Many fans are anticipating the re-release of “Blasphomet Sin Abset” at some point, is this a realistic expectation? Why or why not?
Are they really? Nobody has spoken to me about it in a long time. Given all the re-releases out there, it seems like it might be overdue. I think it’s just a question of pursuing it. Some label would make it possible, I’m sure.
Take us briefly through your life’s musical journey. Were either of you classically trained as a child? Musically, what were some of your early favorites? What music did you enjoy early on, but later grew out of?
I took piano lessons and later guitar. I liked Alice Cooper and bombastic classical music, circa 3 years of age. From there, whatever was on the radio was ok, though I didn’t really like anything that wasn’t in minor key. By age twelve I liked Iron Maiden, Metallica, Slayer, and I was actually a big Anthrax fan, chiefly because of their guitar tone (wasn’t that why anyone liked them? SOD proved to be the superior version). I don’t like Anthrax anymore, or Metallica past the first four.
What music/artists currently peak your interest? What musicians’ works (metal or not) do you consider to be timeless? Out of these, which ones have been the most influential on your work in Averse Sefira, if any?
Immolation still satisfies, and their work has always been very important to AVRS. Voivod’s classic era is immortal, as are the first three Immortal albums. Slayer is forever great, though there is no Slayer imprint upon our work.
How much of your work is the result of conscious deliberation and how much is spontaneous inspiration? How, if at all, has your approach changed over the years?
I think the first two releases were very much “on rails” in that we planned the songs and then effectively refused to deviate on the way to their final form. The next two captured our spirit better in that they were planned but then left to many changes and ideas as we assembled them. There are whole songs from Tetragrammatical Astygmata and Advent Parallax that were effectively born in the studio, so there’s the yin and yang of it in a nutshell.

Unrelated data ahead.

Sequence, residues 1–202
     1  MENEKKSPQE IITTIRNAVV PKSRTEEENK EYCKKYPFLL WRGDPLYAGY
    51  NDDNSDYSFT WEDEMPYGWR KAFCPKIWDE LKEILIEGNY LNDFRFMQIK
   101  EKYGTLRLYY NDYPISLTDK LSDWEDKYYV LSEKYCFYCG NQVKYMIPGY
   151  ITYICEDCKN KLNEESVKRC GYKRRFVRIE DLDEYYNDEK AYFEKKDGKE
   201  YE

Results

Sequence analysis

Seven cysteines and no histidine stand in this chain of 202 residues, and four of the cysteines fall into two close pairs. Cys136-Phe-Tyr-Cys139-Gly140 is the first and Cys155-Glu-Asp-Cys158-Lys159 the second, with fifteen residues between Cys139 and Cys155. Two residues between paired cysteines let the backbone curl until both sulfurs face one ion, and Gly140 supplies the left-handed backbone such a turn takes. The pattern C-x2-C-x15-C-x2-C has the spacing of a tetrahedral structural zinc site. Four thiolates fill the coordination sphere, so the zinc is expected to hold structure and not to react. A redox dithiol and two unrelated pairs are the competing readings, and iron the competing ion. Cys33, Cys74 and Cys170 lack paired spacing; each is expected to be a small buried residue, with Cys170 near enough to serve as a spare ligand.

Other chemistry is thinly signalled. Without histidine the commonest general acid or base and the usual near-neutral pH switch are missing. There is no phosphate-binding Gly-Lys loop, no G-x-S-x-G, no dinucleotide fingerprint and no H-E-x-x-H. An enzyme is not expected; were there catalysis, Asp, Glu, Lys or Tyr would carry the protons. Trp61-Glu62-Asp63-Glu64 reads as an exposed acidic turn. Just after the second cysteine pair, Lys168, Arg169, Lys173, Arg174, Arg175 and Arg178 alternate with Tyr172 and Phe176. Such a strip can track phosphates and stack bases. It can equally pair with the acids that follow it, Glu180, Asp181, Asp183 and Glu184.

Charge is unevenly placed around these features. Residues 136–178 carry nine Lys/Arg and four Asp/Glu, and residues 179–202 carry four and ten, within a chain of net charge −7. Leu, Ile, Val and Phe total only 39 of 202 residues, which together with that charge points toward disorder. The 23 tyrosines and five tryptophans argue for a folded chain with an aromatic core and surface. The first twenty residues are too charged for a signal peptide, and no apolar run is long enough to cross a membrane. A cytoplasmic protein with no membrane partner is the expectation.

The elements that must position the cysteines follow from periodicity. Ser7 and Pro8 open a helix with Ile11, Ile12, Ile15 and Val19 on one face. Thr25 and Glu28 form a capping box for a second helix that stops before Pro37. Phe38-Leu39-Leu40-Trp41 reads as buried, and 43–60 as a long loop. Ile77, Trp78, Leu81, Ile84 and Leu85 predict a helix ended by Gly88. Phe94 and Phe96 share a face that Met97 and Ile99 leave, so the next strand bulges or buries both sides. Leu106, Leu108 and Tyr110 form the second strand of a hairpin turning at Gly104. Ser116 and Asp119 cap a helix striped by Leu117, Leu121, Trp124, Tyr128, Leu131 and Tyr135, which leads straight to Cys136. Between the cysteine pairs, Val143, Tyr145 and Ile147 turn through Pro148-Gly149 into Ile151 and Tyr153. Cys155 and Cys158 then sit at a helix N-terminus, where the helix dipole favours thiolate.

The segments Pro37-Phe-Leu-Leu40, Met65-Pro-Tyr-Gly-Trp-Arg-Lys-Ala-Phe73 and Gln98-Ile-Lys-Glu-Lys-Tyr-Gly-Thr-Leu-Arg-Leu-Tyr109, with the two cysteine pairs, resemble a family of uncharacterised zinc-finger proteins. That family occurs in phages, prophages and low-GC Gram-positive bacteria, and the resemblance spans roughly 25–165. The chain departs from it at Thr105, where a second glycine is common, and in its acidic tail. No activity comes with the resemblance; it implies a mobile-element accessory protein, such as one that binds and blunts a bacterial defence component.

What sets metal apart structurally and melodically from other forms of music?
Metal at its best is like classical, where it rises within a theme and culminates in movements. Most music is designed for rapid consumption so it is repetitive and point-to-point. Metal can’t always be explained, sometimes you just have to be there.
Do you see any antecedents for or parallels with black metal outside the immediate genre?
Yes, see above.
In your 2008 interview with “A Year at the Wheel,” you proclaimed emphatically that Christianity is the source of all the modern West’s problems. Would you care to elaborate?
I would say it’s the more universal and categorical attitude, because people who don’t consider themselves Christians still let asinine Christian ideas dictate their lives. Why is suicide illegal? Why can’t a bachelor be President? Why must we be merciful to the less fortunate? Where else does any of this come from? And I wouldn’t extol Christian ravages from a Nietzschean perspective, but perhaps a masochistic one. Catholics know all about it.
Metal at its best is like classical, where it rises within a theme and culminates in movements.
Does the Divine exist? If so, how do you define it and how does it differ from the concept of God? Do you make a distinction between the two?
This probably won’t illuminate much, but I don’t believe in God (YHWH), and yet I am divinely protected. What does that tell you?
What is the difference between spirituality and religion?
Spirituality is about looking within to find strength and meaning. Organized religion, or at least the Abrahamic ones, look outside the self and request guidance from external and ultimately arbitrary sources. The only consciousness one can truly rely upon is his own. Without spirituality, there would be no great deeds, and very little in the way of art or grandeur. The problem is Christianity is that it de-emphasizes actually spirituality in the name of a lot of unreasonable rules and rote behavior.
Are there any legitimate paths of enlightenment open to man? What would it mean for a man to be enlightened?
To me, the simplest path is to not spend time wondering about the meaning of life but instead to get on with living it. When I want things to happen, I set my mind to what it would take and do it. As of now, I have achieved virtually everything I ever wanted to do with my music career (except opening for Slayer). Read books, talk through your ideas with the intelligent and like-minded, and devote your life to something, however insignificant. In the end, we all pave our own roads.